Ortho Evra in the News:

November 2, 2006 - Ortho-McNeil faces new lawsuits its Ortho Evra birth control patch caused 43 serious medical conditions and one death.

A new round of lawsuits filed against Ortho-McNeil on November 2, 2006, alleges its popular birth control patch was responsible for 43 blood clots and other cardiovascular and health related issues.  A second complaint surrounds the death of a 25-year-old woman from Maryland who died after Ortho Evra allegedly caused blood clots in her lungs and legs.

The lawsuit contends that Ortho-McNeil failed to sufficiently warn patients about the severity of the potential side effects, which could include strokes, pulmonary embolisms, and blood clots.  Almost 400 women are currently in litigation with Ortho-McNeil over similar complaints.

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Ortho-McNeil warns of new dangers of Ortho Evra birth control patch

September 20, 2006

Ortho-McNeil and the Food and Drug Administration alerted patients on September 20, 2006, to a new revision of the prescribing information of the popular Ortho Evra transdermal birth control patch. 

According to the results of a new study, the Ortho Evra patch is twice as likely to cause incidents of venous thromboembolism as traditional oral contraceptives.  This study confirms the concerns of the FDA that transdermal birth control can significantly increase the chances of severe cardiovascular-related problems.

Venous thromboembolism, or VTE, can lead to two potentially life-threatening conditions called venous thrombosis and pulmonary embolism.  Commonly called blood clots, venous thrombosis typically occurs when blood cells build up in a vein in the leg or lower extremities.  Pulmonary embolisms are far more dangerous, as these are clots that travel through the circulatory system until they reach the lungs.  These clots are particularly destructive to the delicate tissue of the lungs, and cause breathing difficulties, severe pain, and even death.  The danger of VTEs is that they often appear without symptoms, and cause significant damage before they can be treated.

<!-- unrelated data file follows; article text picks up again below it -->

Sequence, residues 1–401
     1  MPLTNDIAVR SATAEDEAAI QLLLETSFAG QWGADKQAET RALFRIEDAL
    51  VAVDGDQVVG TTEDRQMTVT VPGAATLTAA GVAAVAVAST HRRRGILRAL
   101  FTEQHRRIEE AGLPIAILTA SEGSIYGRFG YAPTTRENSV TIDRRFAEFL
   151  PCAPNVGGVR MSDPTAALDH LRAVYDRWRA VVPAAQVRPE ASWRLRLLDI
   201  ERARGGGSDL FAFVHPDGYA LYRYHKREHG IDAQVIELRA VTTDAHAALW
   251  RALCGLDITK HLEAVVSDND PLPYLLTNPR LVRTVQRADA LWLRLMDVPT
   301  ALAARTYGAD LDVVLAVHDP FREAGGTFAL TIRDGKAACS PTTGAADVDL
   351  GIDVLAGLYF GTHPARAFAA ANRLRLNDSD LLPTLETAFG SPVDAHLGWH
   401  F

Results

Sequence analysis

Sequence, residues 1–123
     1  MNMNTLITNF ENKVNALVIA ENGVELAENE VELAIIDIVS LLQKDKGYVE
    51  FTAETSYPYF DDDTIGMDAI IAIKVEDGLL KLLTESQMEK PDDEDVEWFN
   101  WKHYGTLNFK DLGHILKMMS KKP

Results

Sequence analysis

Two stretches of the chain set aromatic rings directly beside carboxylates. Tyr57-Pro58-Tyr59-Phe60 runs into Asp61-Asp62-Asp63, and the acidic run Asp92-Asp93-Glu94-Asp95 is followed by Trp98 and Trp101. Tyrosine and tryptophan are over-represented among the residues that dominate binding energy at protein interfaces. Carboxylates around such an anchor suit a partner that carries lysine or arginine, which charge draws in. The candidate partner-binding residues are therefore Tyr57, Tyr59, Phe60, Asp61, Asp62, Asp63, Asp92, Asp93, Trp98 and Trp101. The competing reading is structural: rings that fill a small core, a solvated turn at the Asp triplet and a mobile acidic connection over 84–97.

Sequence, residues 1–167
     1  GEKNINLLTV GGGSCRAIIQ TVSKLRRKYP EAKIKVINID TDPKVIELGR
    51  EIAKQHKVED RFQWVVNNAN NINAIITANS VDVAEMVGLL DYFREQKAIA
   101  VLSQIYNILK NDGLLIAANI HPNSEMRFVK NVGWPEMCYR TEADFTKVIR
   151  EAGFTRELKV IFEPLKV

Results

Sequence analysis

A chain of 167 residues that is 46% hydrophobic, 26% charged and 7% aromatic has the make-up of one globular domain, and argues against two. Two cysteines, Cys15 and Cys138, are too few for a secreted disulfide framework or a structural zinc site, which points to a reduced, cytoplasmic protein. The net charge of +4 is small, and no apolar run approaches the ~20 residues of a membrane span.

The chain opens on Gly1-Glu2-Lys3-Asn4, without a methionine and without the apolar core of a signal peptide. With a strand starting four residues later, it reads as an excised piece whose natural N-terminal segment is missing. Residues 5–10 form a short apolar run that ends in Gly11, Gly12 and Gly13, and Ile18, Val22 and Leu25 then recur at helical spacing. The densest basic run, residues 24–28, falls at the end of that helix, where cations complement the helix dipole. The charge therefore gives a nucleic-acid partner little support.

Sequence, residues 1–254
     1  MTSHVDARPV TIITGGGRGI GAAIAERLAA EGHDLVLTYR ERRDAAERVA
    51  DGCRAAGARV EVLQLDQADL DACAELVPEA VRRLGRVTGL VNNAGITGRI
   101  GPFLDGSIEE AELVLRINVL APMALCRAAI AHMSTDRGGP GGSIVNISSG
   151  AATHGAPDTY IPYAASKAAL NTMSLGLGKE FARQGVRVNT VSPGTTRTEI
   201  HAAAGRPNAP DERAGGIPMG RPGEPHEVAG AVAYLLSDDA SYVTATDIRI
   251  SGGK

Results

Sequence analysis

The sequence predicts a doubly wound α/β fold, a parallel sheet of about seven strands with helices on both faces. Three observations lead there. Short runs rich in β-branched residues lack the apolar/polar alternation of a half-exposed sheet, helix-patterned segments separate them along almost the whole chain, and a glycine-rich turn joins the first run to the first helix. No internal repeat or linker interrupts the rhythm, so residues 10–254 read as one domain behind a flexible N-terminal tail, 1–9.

The amount of hormones in oral contraceptives have long been associated with increasing the rates of VTEs, but transdermal patches are more likely to cause these problems as they contain elevated levels in order to compensate for the hormones lost during absorption through the skin.  Skin absorption levels differ from person to person, so some women can absorb too much of the drug faster than they should. This can result in a number of serious health consequences including venous thromboembolism.

Ortho-McNeil adjusted their prescription information to reflect the new study, but unfortunately this warning has come too late for the millions of women who trusted their birth control to this potentially dangerous product.

If you or someone you know was injured by the Ortho Evra transdermal birth control patch you need to visit http://resource4orthoevrainfo.com/ immediately.  There you find invaluable answers to any question you may have about your rights and what you can do to take action against those responsible for your condition.

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In November of 2005, the makers of Ortho Evra warned the world that their birth control patch may put women at higher risk for blood clots and other health risks than previously disclosed. Ortho McNeil is a subsidiary of Johnson and Johnson and manufactures the Ortho Evra patch, which over 4 million women have taken since 2002.

The danger of Ortho Evra is related to the high levels of estrogen that the patch releases. Women who use Ortho Evra instead of typical birth control pills are exposed to 60 percent more estrogen, which can get into the bloodstream and have severe health consequences. Ortho McNeil's warning comes at a time when the Ortho Evra patch has received much scrutiny due to allegations that it is directly responsible for the deaths of several users.

Women deserve to make an informed choice when choosing a birth control method. This involves being fully aware of the potential health risks of Ortho Evra compared to birth control pills. If you or someone you care about has suffered, discuss your case with an experienced attorney today.

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Ortho Evra in the News page will be updated as new stories are found. Last update 12/12/2006.